Initially, I copied the class into a local C# console application project, then resolved any unknown references by copying the needed classes. Some references pointed outside the proper FEZ engine, such as Microsoft XNA's Vector3 class; for such cases, I sought to work with a mocked class with minimal methods/properties, otherwise I'd end up pulling in an obscene amount of code.

Later, I found myself with a total of 15 classes — mostly relating to game objects, Cyclic Redundancy Checking of save data, and the code for reading and writing said data to disk.

I hear you asking: Can I see the source code?

The Law requires that I answer "No"

Identity transform

First, I had to make sure I can replicate a savefile byte-to-byte:

var reader = new BinaryReader(File.OpenRead("SaveSlot0"));
// When writing save data to disk, the game prepends the current time
var magic = reader.ReadInt64();
var saveData = SaveFileOperations.Read(new CrcReader(reader));

var writer = new BinaryWriter(File.OpenWrite("SaveSlot0Prime"));
SaveFileOperations.Write(new CrcWriter(writer), saveData);

This did not work. The game wouldn't even load SaveSlot0Prime. The issue seemed to stem from the fact that my generated savefile was only 20K in size while the proper savefiles from the game were always 40K. Using M-x ediff-buffers, I saw that the extra 20K was just null bytes. What the heck?

Digging a bit more into the code I found the PCSaveDevice class responsible for saving and loading files — note that SaveFileOperations only interfaces with Crc{Reader,Writer}. The PCSaveDevice class seems to originate from the EasyStorage package for XNA.

For some reason I cannot possibly fathom, the PCSaveDevice class always writes save data into a byte buffer of size 40960 and raises an exception if the save data is larger. Oddly enough, the EasyStorage version I found does not seem to do this3. The revised script now looked like this4:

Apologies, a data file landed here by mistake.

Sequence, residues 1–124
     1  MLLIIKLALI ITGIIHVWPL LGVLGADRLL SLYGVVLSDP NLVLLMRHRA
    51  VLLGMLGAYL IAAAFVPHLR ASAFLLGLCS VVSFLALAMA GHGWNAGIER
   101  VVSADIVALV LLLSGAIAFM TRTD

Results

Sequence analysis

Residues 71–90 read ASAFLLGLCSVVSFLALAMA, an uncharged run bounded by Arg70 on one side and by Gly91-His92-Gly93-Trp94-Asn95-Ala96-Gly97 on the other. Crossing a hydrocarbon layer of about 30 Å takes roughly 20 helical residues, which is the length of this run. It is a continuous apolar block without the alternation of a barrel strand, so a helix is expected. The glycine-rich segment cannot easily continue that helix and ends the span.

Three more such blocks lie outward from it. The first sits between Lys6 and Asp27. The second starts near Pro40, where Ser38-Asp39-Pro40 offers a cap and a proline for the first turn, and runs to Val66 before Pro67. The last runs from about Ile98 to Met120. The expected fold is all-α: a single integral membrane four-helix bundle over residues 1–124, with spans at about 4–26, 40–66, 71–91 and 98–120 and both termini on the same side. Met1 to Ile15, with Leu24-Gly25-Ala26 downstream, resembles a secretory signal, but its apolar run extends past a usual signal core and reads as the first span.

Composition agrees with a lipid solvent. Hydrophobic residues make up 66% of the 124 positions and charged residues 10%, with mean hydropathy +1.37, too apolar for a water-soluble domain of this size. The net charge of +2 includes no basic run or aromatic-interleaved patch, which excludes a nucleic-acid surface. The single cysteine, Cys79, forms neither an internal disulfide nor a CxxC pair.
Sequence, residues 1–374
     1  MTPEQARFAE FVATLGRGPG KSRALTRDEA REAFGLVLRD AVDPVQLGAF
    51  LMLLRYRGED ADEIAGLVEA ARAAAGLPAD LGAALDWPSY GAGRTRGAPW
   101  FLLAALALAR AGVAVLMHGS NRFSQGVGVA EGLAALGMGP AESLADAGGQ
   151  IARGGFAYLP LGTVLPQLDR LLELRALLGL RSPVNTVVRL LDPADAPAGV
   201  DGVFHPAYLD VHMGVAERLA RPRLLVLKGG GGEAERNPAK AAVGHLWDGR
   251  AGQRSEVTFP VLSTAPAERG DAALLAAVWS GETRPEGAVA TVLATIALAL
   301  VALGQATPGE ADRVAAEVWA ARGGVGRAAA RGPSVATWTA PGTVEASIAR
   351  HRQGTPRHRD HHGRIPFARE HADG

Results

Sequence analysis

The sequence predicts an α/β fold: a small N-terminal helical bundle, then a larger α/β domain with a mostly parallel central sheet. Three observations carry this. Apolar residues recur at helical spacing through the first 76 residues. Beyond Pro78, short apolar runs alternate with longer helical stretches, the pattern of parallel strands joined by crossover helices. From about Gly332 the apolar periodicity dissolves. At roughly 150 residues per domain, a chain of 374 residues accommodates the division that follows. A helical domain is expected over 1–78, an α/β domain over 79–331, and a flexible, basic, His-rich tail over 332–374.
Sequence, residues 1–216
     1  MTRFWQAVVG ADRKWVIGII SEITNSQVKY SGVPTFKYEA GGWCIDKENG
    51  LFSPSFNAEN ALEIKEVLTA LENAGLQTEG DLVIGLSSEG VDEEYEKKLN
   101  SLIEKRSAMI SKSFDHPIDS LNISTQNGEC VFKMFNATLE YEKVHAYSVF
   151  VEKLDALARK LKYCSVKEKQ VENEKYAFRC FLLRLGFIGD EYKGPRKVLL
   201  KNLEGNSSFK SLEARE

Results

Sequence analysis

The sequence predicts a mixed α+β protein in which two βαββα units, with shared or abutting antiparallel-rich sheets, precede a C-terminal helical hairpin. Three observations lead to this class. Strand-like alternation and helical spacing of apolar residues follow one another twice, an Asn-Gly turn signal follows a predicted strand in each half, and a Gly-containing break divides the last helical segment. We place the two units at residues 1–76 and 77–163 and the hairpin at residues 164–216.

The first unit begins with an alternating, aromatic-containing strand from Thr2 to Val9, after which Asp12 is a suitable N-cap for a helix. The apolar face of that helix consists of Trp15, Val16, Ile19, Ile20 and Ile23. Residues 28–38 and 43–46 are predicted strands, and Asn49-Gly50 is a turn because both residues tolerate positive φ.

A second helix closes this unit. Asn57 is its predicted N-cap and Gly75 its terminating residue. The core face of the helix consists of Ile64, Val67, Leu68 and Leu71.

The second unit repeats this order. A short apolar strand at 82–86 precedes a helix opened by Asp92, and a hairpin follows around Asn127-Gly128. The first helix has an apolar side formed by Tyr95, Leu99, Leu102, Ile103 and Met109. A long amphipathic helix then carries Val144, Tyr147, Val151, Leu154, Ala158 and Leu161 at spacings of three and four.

var reader = new BinaryReader(File.OpenRead("SaveSlot0"));
var magic = reader.ReadInt64();
var saveData = SaveFileOperations.Read(new CrcReader(reader));

var buffer = new byte[40960];
var output = new BinaryWriter(new MemoryStream(new byte[40960]));
SaveFileOperations.Write(new CrcWriter(output), saveData);

var writer = new BinaryWriter(File.OpenWrite("SaveSlot0Prime"));

At this point, SaveSlot0 and SaveSlot0Prime were finally identical.

Restoring the level

Next, I had to address the elephant in the room: restoring my savefile to a consistent state. An interesting starting point was the World property of SaveData; it's of type Dictionary<string, LevelSaveData> and contains all of FEZ's levels, including the one I wish to fix.

Looking around in the LevelSaveData class, there was a public bool FirstVisit property, which I hoped would cause the game to reset the level if I set it to true.

// The level name was found using the `SaveData.Level` property, 
// which records the current level
saveData.World["ZU_4_SIDE"].FirstVisit = true;

Sadly, this did not have the desired effect.

My next idea was to make a fresh savefile where the ZU_4_SIDE level was untouched and use that to replace my corrupted one. To my surprise, there was no ZU_4_SIDE level in the World dictionary of a fresh savefile. I realized that the game doesn't include save data for unsolved levels.

Now the solution was clear: simply remove the ZU_4_SIDE level data from the savefile.


Et voilà, the world was saved.

Gomez acquires the anti-cube of ZU_4_SIDE


I deliberately avoid elaborating on why the progress percentage is over 100%. If your interest is peaked, I encourage you to play FEZ for yourself.


But hey, at least it wasn't encrypted!


It's important to note that the git history of the repository I linked only stretches back two commits.


The script I supplied mimics the code I found in EasyStorage. Perhaps there is a more efficient way of setting file sizes in .NET?